JAAN says that in the past week alone, reports and complaints about Surabaya Zoo, the Batam Animal Park and others – including a park where a juvenile orang-utan accidentally hanged herself – have inundated the organisation’s office.
All these problems in the zoos and animal parks ‘dubiously named conservation institutes’ could be solved if the Indonesian Association for Animal Parks was closed down and the Forestry Department was tasked with forming a new, neutral team to enforce strict animal welfare standards,’ says the animal group.
‘Most Indonesian animal parks do not fulfill even the very basic conditions necessary to care for and protect the wild creatures in their care, including providing shelter from extreme climates and weather, fresh drinking water and food, or even proper basic medical care,’ says JAAN.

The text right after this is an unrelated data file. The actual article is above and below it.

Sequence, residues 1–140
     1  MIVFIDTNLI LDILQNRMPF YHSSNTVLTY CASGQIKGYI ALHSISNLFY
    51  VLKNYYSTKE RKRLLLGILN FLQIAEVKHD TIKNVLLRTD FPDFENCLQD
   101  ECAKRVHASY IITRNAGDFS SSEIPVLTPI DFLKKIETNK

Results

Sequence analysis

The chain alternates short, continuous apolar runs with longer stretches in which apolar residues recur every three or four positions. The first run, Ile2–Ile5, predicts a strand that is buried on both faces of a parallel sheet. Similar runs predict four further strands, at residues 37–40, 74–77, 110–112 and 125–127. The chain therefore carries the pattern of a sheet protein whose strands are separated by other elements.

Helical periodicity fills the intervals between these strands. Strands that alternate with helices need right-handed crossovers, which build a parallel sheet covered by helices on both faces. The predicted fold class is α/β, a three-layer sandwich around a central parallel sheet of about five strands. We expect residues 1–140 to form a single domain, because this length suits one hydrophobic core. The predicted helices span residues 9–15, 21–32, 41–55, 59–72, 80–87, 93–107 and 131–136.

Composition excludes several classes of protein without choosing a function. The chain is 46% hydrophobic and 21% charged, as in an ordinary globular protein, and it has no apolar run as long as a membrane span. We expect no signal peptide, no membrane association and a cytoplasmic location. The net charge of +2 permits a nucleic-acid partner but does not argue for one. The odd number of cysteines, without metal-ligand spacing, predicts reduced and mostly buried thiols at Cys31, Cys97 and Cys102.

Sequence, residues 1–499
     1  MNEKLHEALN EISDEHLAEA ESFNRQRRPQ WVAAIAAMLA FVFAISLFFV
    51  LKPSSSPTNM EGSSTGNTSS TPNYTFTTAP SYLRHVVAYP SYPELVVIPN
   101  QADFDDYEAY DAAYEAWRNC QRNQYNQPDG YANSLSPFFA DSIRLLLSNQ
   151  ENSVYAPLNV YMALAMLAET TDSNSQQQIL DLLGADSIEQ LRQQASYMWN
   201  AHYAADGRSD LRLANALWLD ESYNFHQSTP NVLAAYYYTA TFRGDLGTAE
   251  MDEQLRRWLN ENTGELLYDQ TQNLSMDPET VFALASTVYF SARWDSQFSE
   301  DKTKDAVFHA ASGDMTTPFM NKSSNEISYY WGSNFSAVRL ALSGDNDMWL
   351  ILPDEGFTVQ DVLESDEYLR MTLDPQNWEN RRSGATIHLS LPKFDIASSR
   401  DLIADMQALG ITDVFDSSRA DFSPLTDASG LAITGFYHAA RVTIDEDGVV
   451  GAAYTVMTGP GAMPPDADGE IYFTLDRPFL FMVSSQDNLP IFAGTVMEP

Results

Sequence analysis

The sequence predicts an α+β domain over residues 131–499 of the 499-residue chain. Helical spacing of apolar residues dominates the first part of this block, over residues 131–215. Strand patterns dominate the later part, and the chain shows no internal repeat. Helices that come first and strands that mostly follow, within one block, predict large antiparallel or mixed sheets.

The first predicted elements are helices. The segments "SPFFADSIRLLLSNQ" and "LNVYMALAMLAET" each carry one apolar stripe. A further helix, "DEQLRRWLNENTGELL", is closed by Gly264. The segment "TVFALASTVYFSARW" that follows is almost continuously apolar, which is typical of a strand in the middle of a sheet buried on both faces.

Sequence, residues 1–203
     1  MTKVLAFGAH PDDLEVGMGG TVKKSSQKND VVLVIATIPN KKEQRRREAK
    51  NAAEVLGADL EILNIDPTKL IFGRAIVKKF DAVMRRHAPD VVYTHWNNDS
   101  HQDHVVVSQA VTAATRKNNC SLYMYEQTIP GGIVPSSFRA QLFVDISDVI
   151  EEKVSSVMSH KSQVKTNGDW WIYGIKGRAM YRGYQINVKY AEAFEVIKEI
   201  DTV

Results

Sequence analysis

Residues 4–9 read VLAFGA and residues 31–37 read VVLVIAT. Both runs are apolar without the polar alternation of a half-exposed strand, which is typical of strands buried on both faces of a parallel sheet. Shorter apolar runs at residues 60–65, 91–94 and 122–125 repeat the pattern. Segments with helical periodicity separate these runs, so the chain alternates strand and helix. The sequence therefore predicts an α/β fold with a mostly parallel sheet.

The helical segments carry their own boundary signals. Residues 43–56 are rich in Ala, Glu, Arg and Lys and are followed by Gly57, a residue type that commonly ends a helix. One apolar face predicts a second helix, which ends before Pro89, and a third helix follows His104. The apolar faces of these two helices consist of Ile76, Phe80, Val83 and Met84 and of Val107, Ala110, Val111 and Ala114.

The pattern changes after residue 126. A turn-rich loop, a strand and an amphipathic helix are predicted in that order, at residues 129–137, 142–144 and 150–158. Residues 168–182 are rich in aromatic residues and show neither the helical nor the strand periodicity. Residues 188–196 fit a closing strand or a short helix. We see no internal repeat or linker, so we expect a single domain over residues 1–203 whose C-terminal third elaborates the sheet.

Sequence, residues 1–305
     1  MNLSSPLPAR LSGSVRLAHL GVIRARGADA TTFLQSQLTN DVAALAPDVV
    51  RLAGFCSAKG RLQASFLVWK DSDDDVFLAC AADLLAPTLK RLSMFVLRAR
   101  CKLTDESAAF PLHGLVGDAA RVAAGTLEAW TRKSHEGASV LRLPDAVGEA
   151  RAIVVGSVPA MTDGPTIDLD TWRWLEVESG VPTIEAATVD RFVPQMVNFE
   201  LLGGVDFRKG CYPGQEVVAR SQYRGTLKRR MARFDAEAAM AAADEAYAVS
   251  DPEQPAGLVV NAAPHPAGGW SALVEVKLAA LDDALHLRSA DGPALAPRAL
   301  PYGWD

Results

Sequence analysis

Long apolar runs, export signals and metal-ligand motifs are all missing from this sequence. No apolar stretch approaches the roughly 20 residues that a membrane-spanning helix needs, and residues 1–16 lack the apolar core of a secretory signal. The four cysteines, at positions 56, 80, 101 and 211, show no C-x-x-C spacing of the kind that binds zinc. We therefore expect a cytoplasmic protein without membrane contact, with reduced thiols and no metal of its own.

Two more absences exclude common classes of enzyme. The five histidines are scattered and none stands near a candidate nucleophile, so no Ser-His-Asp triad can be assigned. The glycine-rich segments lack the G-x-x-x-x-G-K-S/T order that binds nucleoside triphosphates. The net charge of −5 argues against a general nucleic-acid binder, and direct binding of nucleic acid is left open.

The organisation adds that in 2011 the Indonesian Forestry Department developed a basic protocol for animal welfare, yet the guidelines have never been enforced and never will be as long as the current Animal Parks association is in charge.
However small but encouraging steps have been made. For example the Australian-based non-profit Cee4Life (Conservation & Environmental Education 4 Life) has been fighting hard against all odds to get improvements carried out at the Surabaya Zoo and is credited with helping to save the life of an emaciated Sumatran Tiger, which is on the list of critically-endangered animals. It was in such a poor state that the Minister of Forests, under a tsunami of voices from around the world, ordered the tiger to be taken to a human and ethical wildlife sancturay where it received immediate veterinary aid. Cee4Life says that if it had not been removed from the Surabaya Zoo, ‘there is no doubt it would be dead.’